February 18, 2021 6 min read

Ed Crooks has been heavily involved in the hardcore scene for 20+ years. He started talking to bands in the early 00’s, with a love for all the old zines like Schisim, Boiling Point, Good and Plenty etc, but he only started putting stuff together after moving to Sweden in 2013. He put out DXR #1, which Rev distributed, then went on to do 2 more issues which found themselves being sold worldwide. DxR then went online, with a team of four writers and regularly updated content. Here are some of the choice cuts from all 3 issues and from the webzine, which closed in 2018.

DR: So where are you right now and what are you up to?

I am living in Baltimore. I took a break from doing Salad Days full time. I still do mixing, mastering, and some music production, but on much less regular basis.

DR: Yea so you have slowed with Salad days now?
What bands have you recorded there that we will know?

Most recently, Praise, Turnstile, and Angel Dust, but over the course of the studio; Texas Is The Reason, Thrice, Bane, Moneen, Converge, Darkest Hour, Count Me Out, Strike Anywhere, Hot Water Music, Engine Down, Senses Fail, Milemarker, Circa Survive, The Explosion, In My Eyes, Piebald, The Movielife, From Autumn To Ashes, Cave In, Ten Yard Fight, Frodus, Emarosa, Fireworks, Polar Bear Club, Balance and Composure, Hot Rod Circuit, Fairweather, and a ton of other stuff that I am forgetting right now. I have been incredibly fortunate to have worked with some amazing bands.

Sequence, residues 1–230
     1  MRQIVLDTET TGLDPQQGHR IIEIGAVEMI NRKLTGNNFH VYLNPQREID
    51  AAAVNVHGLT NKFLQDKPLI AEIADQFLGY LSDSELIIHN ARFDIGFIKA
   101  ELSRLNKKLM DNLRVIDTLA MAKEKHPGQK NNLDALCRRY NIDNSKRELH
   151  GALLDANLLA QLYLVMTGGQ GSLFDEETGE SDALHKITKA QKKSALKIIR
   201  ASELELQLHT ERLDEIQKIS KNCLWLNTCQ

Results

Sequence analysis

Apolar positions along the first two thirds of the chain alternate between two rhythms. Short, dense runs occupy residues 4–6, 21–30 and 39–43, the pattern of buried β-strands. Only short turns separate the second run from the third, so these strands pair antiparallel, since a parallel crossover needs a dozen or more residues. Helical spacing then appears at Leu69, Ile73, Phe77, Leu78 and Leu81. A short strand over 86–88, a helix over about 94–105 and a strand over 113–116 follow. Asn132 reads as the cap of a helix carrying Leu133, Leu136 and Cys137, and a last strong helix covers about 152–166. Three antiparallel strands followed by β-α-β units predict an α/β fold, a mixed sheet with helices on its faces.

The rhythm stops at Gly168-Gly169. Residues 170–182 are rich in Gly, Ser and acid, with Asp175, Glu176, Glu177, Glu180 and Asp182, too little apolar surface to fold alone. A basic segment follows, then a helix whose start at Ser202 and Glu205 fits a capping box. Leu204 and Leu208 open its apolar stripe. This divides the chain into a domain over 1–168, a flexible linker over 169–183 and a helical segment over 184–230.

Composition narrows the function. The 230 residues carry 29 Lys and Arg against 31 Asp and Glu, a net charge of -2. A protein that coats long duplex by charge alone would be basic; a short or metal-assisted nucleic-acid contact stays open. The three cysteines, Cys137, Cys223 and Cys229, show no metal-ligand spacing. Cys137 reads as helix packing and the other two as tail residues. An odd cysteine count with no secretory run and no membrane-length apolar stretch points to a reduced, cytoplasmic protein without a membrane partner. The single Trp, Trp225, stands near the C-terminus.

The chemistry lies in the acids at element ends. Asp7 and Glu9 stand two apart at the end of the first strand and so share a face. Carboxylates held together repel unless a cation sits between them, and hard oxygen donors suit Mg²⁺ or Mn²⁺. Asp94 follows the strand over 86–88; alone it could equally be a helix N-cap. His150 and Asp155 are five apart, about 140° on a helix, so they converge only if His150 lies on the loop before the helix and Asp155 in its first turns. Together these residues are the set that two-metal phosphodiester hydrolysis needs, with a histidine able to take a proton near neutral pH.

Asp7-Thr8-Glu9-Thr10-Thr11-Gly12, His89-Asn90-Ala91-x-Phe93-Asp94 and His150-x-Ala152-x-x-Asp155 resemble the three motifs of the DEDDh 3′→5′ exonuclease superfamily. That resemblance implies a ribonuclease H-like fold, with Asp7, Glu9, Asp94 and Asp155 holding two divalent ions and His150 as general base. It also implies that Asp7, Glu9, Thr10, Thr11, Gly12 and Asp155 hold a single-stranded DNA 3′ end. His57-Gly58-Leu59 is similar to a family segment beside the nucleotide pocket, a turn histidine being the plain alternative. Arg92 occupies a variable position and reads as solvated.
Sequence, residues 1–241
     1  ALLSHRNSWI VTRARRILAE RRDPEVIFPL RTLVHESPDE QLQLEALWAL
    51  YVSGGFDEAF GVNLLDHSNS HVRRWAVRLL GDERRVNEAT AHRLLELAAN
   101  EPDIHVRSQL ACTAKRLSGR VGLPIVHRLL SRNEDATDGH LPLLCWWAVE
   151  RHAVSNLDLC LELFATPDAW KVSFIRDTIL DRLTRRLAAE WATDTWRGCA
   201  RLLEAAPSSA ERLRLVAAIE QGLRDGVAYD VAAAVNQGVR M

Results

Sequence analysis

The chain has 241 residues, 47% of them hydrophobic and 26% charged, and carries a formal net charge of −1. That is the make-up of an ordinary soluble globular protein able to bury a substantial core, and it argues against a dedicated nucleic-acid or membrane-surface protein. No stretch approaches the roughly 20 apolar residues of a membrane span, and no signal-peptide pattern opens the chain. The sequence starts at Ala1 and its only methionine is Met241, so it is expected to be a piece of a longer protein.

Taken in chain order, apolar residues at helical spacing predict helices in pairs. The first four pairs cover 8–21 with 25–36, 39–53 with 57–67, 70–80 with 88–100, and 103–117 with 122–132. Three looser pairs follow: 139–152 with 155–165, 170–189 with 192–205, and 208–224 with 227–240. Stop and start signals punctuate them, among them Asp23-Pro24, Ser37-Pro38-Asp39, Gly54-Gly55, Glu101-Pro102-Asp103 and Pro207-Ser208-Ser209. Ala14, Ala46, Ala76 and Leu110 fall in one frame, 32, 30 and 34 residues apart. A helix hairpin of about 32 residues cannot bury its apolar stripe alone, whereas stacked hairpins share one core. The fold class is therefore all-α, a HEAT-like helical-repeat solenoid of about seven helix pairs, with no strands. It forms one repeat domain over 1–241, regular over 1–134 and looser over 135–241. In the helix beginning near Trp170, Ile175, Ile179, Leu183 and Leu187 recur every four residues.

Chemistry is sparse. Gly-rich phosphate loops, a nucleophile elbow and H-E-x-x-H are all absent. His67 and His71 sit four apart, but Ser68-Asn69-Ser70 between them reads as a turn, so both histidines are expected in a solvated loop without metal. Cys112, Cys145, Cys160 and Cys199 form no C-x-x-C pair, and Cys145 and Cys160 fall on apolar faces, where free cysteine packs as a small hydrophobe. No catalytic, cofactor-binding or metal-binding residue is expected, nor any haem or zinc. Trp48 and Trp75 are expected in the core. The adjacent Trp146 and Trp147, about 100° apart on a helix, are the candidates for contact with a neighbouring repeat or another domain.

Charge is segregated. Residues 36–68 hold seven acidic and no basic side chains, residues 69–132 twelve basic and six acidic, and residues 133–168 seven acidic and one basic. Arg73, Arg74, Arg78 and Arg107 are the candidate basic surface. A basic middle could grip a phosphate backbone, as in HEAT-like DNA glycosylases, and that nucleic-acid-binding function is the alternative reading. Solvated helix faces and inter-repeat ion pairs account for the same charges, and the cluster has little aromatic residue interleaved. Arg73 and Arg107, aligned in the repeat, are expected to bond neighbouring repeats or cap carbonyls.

DR: Do you want to give us a brief history of Battery? What other bands did you guys go on to do?

Battery started in 1990, when I was in eighth grade. Very soon after our first show, my life started falling apart. I was incredibly depressed, getting in fights, and ended getting kicked out of school. It got so bad that my parents put me in a mental hospital.  When I got out, Ken and Zack had decided to move on and start Worlds Collide, and I ended up starting  Ashes. In 1993 I found out that Lost and Found had released the original Battery stuff and that it was selling really well. They offered to pay for us to make a record and come tour in Europe. I dropped out of high school and we started doing the band again. For the second record, we wanted to have a label in the US, so we talked Dennis Remsing, who had put out the Ashes records, and recorded Until The End for Conversion Records. I can't totally remember how we ended up on Rev, but I think that Ken got to know them through doing Better Than A Thousand. We recorded Whatever It Takes for Revelation, and broke up 6 months after its release.